The semantic web offers the promise of a possibly fully automated web of data. What does it take to allow for automating data based agent interactions at web scale? Logic? Trust? Digital Signatures? At what level?
The semantic web stack places trust on top of all, and cryptography / digital signatures on the side. Trust sitting on top of proof hence is greatly impacted by the choice of a logical framework.
It appears here that ‘trust’ refers to trusting people and agents, which more and more now seems to be a ‘not so useful idea’. To illustrate my viewpoint, the reality of man in the middle attacks (see Orange in 2014, the NSA leaks in 2014) makes it obvious that trusting a web site is not enough to fully automate the web. Even in a not automated fashion, the simple fact that you may ‘trust’ your e-something web site and yet that a hacker can present you with a fake login page to steal your credentials is food for though.
Indeed, the digital signature column on the right of the stack tends to illustrate that we need to gain confidence in lower level items than agents. However, I see two flaws here:
- “digital signatures” as of today relates to asymmetric cryptography (also known as PKI – public key infrastructures). It is not quite sure that we need that.
- the column does not go down to the XML layer. It is pretty sure that we would need that..
Why digital signatures are too much?
When automating the interaction between two web agents, having authenticated the author of a program is not key. What matters however is to ensure that the data one receives indeed is what is expected. For instance, a data type definition, if corrupt, would certainly badly impair automation.
So better than asymmetric cryptography allowing for author authentication, we probably do not need much more than symmetric hashes, that can be used to assess data or content integrity. I previously blogged about this issue under the name Trust 3.0.
Why missing the XML layer is wrong?
XML is the most fundamental layer of data in the semantic web. The priority when sending or receiving data is to trust the data itself (as you have understood that we do not care much for the author).
So yes, better than sending / receiving ‘raw’ XML (or JSON, PHP, JAVA or else) we need to trust the data being received. Even more so when sending the xmlschemas that will serve as models for creating/reading data on bothe sides.
Why the choice of a logic is second to trusting data?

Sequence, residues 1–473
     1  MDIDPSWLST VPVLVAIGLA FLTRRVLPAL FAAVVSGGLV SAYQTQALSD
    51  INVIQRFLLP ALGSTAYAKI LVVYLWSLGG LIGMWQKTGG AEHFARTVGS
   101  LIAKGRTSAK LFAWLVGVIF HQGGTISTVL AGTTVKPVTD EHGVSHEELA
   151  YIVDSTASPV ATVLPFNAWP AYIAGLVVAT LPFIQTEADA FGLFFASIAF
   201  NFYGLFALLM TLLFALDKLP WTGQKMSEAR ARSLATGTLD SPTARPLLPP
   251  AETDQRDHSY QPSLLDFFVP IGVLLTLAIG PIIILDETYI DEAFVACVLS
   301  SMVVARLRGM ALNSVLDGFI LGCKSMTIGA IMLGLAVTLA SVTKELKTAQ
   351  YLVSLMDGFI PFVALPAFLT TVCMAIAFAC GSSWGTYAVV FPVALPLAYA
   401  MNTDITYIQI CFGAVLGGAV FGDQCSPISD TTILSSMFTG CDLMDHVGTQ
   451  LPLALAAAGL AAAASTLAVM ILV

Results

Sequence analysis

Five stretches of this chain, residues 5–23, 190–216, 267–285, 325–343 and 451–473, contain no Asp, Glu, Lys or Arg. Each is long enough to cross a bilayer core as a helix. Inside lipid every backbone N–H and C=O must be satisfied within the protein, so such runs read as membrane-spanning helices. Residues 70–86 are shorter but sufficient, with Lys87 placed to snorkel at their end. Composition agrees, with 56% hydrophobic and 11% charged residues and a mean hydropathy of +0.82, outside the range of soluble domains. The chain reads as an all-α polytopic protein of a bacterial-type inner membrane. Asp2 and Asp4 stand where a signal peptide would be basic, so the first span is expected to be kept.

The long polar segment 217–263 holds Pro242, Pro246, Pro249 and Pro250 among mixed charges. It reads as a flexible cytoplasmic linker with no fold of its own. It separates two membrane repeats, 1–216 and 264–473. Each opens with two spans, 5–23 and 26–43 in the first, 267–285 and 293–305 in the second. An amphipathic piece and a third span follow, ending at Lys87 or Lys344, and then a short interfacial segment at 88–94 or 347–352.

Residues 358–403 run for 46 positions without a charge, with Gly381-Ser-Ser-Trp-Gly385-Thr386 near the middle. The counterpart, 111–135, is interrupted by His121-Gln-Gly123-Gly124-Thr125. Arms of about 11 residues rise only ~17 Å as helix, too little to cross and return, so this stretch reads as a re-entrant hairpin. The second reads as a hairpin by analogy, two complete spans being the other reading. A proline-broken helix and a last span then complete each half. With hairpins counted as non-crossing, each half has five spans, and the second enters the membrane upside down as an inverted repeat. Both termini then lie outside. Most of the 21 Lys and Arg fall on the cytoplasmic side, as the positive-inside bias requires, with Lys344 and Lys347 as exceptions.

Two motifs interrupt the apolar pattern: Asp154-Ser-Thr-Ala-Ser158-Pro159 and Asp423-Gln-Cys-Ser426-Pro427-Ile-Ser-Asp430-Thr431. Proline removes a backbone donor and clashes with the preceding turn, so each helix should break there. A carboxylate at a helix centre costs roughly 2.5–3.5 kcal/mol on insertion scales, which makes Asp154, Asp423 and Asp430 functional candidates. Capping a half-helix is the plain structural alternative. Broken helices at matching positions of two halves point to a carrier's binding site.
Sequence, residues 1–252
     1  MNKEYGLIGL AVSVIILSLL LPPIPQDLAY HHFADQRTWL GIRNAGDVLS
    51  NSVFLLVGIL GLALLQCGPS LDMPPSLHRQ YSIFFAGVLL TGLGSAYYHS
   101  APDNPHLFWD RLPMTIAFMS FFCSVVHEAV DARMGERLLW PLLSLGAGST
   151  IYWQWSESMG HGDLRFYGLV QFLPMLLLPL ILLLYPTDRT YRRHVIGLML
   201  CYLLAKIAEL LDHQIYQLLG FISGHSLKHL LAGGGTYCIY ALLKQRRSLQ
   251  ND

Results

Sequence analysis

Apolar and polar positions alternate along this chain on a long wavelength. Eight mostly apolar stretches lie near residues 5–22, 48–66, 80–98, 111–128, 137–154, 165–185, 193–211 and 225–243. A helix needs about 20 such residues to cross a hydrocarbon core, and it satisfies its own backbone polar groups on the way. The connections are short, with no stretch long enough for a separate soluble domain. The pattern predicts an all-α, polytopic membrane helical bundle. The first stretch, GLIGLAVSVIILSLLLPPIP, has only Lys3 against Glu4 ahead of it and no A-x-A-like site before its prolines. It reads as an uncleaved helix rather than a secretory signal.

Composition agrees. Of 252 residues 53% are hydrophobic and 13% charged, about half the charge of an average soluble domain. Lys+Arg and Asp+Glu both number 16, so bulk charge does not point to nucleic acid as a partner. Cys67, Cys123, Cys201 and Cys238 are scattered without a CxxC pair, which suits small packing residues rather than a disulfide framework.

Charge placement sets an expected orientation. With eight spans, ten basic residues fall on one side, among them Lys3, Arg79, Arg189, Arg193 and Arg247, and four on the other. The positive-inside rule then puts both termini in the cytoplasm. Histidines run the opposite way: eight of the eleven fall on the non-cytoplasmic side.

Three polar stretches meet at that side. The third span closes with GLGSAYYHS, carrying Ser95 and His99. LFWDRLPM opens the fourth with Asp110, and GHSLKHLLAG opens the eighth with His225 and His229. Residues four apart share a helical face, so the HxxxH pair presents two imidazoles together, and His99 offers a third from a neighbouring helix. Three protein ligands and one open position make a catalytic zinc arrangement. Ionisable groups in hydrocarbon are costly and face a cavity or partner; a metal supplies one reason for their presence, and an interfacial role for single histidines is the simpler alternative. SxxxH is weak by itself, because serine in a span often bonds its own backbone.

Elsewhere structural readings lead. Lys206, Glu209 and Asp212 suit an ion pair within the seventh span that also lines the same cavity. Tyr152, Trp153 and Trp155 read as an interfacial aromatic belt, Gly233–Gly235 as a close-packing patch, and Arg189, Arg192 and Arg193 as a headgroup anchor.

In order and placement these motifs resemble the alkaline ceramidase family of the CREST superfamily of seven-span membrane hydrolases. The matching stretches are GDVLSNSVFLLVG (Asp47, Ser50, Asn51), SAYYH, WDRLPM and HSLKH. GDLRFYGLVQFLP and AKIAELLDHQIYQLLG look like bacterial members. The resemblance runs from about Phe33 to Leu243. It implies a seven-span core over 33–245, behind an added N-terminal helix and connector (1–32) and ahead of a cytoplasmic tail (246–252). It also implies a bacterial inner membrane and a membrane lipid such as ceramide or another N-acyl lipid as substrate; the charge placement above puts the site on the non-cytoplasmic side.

We are thinking about programs talking to other programs. What programs understand well are data structures from programming languages. And in most languages, sub typing and sub classing features allow the very kind of basic logic reasoning that currently works in the semantic web (as e.g. using OWL-Lite, a subset of the web ontology language). In that spirit I had the opportunity to suggest disconnecting the SAWSDL recommendation from existing ontology languages.
Henceforth, the semantic web is already potentially alive thanks to all the rest apis that abound. However, every web programmer knows how bad it comes when a web service suddenly decides to expose a different API, adding or removing fields in data structures or function parameters.
What full automation requires in that respect is:
- to trust the exchanged data
- to automatically link data specifications to their new version, thereby potentially allowing a program to automatically adapt to the change
So, semantics equals trusted data?
Consider a pdf version of the wikipedia web page about, say, ‘Freedom‘. If this version is trusted, meaning that no change to the document is possible, two agents may decide to agree that this document indeed denotes the concept of ‘Freedom’. So it seems that trusted data yields semantics under the proper agreement among peers.
On the other hand, consider a situation where semantics are needed (we must know the meaning or structure of data). How can we enforce them? Well, certainly by taking trust down to the level of data alone. So it seems that semantics require trusted data, and that the two are intricately correlated.
(this post was originally featured on laurent henocque’s linkedin profile)